Answer:

That’s right. The Herald.

 


Walsh Inaug: Herald Trumps Globe in Local Crookerati

January 7, 2014

Both local dailies did a good job covering Marty Walsh’s inauguration as Boston’s 48th (or 54th or 58th) mayor.

The Boston Globe gave it it nearly four full pages in the A section, along with the requisite sonorous editorial.

The Boston Herald seemed to throw its entire newsroom at the torch-passing: eight columnists, seven reporters, twelve pages, and a cautiously optimistic editorial.

But, not surprisingly, it was in the boldface coverage of the day-long shindig where the Herald proved superior, especially in noting the less-than-luminaries who attended.

The Globe pointed out the Big Three:

Even some whose political legacies are shadowed by controversy showed up. Dianne Wilkerson, a former state senator, who was released from prison last fall after serving time for a bribery conviction, was in the audience. So, too, was Thomas Finneran, the former House speaker who pleaded guilty to obstructing justice in 2007, and former state treasurer Tim Cahill, whose trial on public corruption charges ended in a mistrial, probation, and a fine.

 

Howie Carr also gave a nod to the if-you’re-indicted-you’re-invited set. But the Inside Track had a little something extra:

 

Screen Shot 2014-01-07 at 3.12.46 PM

 

Score one for the feisty local tabloid. Don Forst must be smiling somewhere.


Globe: No Problem with Walsh’s Koh Dependency

January 5, 2014

According to today’s Boston Globe, Mayor-elect Marty Walsh has named a “relative political outsider” who is “relatively young” as his City Hall wingman – and that’s all good.

Walsh announces his chief of staff

Andover native, 29, has worked in politics, at Huffington Post

Boston Mayor-elect Martin J. Walsh on Saturday named Daniel Arrigg Koh, currently the general manager of Huffington Post Live, handout_koh_metas his chief of staff — the first major appointment in the administration that takes over control of the city on Monday.

“I’m excited to have Daniel joining our administration and bring a fresh, new energy to the mayor’s office,” Walsh said in a statement issued Saturday afternoon. “He has broad experience about City Hall and a deep understanding of managing a large, fast-paced organization. We have great talent joining us, and I know Daniel will help me transform the way we do things in Boston.”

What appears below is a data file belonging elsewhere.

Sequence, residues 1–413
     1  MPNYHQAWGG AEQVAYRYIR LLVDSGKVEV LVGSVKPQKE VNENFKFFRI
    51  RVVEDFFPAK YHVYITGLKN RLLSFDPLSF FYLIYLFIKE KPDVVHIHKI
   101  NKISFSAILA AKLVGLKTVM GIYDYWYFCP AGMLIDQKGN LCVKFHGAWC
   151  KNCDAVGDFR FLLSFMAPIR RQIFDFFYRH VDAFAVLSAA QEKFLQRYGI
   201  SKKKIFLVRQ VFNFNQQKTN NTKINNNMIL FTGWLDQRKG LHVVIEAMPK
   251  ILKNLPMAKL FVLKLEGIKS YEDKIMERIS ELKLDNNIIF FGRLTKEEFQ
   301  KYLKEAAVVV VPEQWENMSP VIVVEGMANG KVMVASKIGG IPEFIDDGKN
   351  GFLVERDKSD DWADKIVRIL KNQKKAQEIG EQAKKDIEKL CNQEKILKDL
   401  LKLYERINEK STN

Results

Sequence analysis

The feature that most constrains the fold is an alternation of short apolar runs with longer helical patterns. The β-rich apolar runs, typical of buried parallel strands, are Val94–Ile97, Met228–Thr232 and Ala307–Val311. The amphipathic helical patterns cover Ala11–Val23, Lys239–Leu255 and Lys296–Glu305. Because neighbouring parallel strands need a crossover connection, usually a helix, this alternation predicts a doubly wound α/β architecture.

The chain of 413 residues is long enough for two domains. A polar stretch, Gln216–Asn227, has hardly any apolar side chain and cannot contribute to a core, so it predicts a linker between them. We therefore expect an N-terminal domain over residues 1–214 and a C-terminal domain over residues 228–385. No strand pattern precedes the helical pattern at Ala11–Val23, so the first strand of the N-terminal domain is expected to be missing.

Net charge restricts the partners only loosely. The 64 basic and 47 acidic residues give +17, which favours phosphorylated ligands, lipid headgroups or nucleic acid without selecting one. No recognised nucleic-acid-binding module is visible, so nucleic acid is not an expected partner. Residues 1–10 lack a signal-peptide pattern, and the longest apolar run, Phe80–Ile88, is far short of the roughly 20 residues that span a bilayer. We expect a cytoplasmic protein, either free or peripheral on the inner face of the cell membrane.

And nary a discouraging word after that.

Not so fast, says crosstown rival Boston Herald on today’s front page.

 

Screen Shot 2014-01-05 at 11.58.12 AM

 

Inside, the feisty local tabloid elaborates.

Walsh names neophyte to key position

Some say mayor-elect taking a risk

Picking a 29-year-old political unknown as chief of staff is a bold, unexpected move and a sign that Mayor-elect Martin J. Walsh’s 010414Walshjm03administration is shaping up to take a new direction in City Hall — although the hire also is not without risks, experts said.

Daniel Arrigg Koh — an Andover native who last worked as general manager of HuffPost Live and a former adviser through Harvard’s Leadership Fellow Program for Mayor Thomas M. Menino — represents a young, intelligent hire with an impeccable resume, said John Nucci, Suffolk University vice president for government affairs.

 

Or maybe this . . .

Daniel Koh might be too young and too green to navigate the pitfalls of City Hall politics effectively, said Thomas J. Whalen, a Boston University social science professor. Walsh should have compensated for his own inexperience in City Hall by hiring someone well-versed in the political landscape, he said.

“This is a huge job. You think you would have someone who is older, more experienced and more connected,” Whalen said, adding that Koh will have to tangle with the city’s union leaders. “You’ll need a tough guy who can knock heads together. Will they respect someone 29 years old?”

 

Well, we know at least one person who doesn’t.

Leave it, as usual, to Herald graybeard Peter Gelzinis to provide some historical perspective in a piece headlined Koh may be right-hand man, but not clear he’ll be a heavyweight.

In his fifth and final go-round as mayor, Tom Menino looked across the river to Harvard and installed whiz-kid Mitch Weiss as his chief of staff. A beloved old pol craved new blood. And yet the man he trusted to handle the day-to-day life blood of politics was an up-from-the-streets-Southie native, Michael Kineavy.

It was a kind of schizophrenia that just about everyone in City Hall came to understand. “Kineavy was the get-it-done on the ground guy,” one longtime veteran said. “He was the guy that made government work in a way everyone understood.

 

The Herald covered a lot of bases on this story. Presumably, the Globe will play some catch-up tomorrow.


Follow

Get every new post delivered to your Inbox.

Join 1,337 other followers